The thought of being constantly connected to the rest of the world used to send shivers down my spine. Up until now, thanks mainly to the Apple marketing division, I’ve been well and truly suckered in. I’m even writing this using an aluminium Macbook that I’ve just bought. It’s put a hole in my bank account the size of Belgium, and as yet I haven’t found a single use for it outside of the capabilities of Facebook. So why have I bought it?
Partly because it looks utterly fantastic. Gone are the days when Apple was a byword for big and bulky machinery that barely functioned. Now it’s design heaven. The subtle curves and sexiness of it all means I could go on about it for days, as my flatmates will delight in telling you. They’ll recall how I can be found most evenings now whispering sweet nothings to the Macbook, promising it that what happens between myself and my iPhone is purely professional.
Come to think of it, I’ve got three iProducts. I have an iPod like every person my age. And also the iPhone because, let’s face it, why not? And now an Apple laptop as well. Yep, my iLife is really starting to take shape.
But my pleasure in the wondrous powers of the Apple marketing division lead me to ask why we can’t do without technology?
Technology and staying connected are now vital aspects in all of our lives. We’ve come to rely heavily on the capabilities of the Internet. So, with that in mind, could we do without it?
I was on a train the other day and was already pretty annoyed that I couldn’t get a full mobile signal, so you can imagine the sort of language I came out with when the stewards announced that there was no Wi-Fi either. What? No Wi-Fi at all? Even the dingiest of Lincoln’s coffee shops has Wi-Fi if some sort, so how come East Midlands Trains doesn’t?
Their answer shocked me. I phoned them to see why they didn’t offer Wi-Fi, pointing out that most train companies, especially those operating services in and out of London, offer Wi-Fi free on their trains. Apparently there are plans to introduce such a service on their London routes, but this won’t be in place for a while. And whilst they admit that Wi-Fi connectivity has come to be expected by customers nowadays, they don’t seem to grasp how late to the Wi-Fi party they really are.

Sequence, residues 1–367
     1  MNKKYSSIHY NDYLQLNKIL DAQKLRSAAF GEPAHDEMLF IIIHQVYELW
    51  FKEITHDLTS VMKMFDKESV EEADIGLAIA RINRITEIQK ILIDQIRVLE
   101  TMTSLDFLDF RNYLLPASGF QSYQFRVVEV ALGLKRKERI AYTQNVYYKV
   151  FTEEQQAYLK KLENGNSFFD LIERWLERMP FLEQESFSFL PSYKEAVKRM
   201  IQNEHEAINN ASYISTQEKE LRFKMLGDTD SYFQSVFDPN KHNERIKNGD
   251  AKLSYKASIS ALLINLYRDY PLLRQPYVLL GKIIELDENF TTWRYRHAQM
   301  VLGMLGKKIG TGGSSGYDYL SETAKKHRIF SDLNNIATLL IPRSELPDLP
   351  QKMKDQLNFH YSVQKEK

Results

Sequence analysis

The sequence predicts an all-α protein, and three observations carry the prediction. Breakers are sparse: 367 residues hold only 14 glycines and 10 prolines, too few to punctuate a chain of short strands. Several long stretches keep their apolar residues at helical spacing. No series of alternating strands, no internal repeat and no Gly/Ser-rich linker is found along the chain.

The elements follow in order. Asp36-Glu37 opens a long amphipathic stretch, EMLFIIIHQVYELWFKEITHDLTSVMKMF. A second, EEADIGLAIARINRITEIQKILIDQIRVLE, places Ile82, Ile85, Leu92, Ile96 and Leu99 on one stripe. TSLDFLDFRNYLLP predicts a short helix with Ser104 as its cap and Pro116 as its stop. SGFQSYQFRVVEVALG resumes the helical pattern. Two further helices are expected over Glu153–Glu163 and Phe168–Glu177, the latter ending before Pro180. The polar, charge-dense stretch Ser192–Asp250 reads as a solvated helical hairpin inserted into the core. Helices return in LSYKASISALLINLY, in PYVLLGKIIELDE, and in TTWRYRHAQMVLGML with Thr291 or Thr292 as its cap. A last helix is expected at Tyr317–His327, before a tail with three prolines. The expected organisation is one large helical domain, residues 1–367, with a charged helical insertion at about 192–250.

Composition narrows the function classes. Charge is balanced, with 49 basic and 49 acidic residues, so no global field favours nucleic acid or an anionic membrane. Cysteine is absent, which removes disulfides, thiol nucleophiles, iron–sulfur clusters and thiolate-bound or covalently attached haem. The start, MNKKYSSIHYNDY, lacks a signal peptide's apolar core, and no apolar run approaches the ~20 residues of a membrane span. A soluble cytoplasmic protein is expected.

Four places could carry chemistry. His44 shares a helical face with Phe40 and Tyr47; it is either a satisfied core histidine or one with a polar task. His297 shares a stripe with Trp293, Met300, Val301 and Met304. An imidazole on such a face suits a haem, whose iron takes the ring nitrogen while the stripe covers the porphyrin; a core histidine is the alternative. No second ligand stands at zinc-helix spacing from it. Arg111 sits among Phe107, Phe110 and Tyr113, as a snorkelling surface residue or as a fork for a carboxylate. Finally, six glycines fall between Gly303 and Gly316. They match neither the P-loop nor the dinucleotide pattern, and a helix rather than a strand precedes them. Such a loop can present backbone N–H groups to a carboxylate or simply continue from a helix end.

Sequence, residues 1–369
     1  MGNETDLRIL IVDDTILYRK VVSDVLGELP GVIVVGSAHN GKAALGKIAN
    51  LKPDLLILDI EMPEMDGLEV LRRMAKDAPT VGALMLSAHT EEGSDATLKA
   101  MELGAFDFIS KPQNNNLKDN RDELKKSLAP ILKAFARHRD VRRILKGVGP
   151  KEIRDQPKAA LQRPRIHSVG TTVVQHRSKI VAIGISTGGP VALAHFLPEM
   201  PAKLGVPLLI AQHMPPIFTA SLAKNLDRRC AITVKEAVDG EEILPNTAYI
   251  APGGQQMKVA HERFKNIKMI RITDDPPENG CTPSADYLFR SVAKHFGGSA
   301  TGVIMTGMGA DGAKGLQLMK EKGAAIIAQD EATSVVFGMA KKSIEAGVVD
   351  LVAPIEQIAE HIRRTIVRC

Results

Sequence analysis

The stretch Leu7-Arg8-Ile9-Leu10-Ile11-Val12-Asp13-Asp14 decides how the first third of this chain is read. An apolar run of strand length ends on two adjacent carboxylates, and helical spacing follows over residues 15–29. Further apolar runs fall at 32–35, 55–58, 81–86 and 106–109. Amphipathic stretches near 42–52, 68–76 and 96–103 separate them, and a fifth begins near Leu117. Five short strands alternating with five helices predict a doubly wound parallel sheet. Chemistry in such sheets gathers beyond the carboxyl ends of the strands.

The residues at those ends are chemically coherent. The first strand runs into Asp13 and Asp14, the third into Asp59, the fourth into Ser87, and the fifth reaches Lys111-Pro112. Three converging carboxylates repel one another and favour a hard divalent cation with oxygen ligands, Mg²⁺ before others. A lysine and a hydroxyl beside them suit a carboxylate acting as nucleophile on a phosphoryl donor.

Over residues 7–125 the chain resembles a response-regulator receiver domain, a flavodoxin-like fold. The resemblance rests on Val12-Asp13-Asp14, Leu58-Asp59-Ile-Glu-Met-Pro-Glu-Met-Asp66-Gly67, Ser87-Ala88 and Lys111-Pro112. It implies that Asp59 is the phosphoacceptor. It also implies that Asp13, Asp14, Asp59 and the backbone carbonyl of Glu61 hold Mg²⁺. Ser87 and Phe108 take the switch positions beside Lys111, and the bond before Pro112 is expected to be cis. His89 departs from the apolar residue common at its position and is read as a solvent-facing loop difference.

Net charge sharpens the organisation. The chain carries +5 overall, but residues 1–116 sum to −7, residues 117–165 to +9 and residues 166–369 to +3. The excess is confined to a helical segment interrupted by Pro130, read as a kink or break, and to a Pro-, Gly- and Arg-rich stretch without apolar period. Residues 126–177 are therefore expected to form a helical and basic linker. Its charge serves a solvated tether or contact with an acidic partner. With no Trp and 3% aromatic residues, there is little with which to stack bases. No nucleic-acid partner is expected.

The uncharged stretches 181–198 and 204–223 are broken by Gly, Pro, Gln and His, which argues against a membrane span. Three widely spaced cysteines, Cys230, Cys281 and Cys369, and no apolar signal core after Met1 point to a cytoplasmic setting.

Back on my journey, we’d now cleared the station and the last remnants of the university Internet were ebbing away as we pulled clear from Lincoln. The prospect of no Internet at all was starting to set in. What if someone wanted to send me a particularly funny email? What if some long-lost relative tried to get in touch with me on Facebook? I’d spent a whole twenty minutes creating a Spotify playlist to keep me company on the long journey, and what use was it now?
So there I was, absolutely stuck. For the next hour and a half I could feel myself ageing, things were that boring. The tedium of the journey wasn’t even lightened by pulling into Nottingham, where we were joined by a group of lads, who spent the whole journey telling each other where they’d last “done it”. Had any sort of Internet been available here, I could’ve spent my time productively. I was instead forced to listen to just how far Andy had gotten with Sharon the previous weekend.
Why can’t we do without technology? Sure, computers are wonderful things, but where it all will end? Will we increasingly let computers take over our lives? To the point where we can’t do anything for ourselves any more? It’s scary if you consider just how far the computer and the Internet have come since their respective inventions.
Just a few decades have passed and look at the rate of progression. If the same were to happen to humans, we’d have all been born, moved out of the caves, and gone to the stars in a matter of hours. Things are moving at a phenomenal rate, and that’s a truly terrifying thought.
I could easily go on. But if you don’t mind, there’s an iPad going on ebay that I quite like the look of…Tweet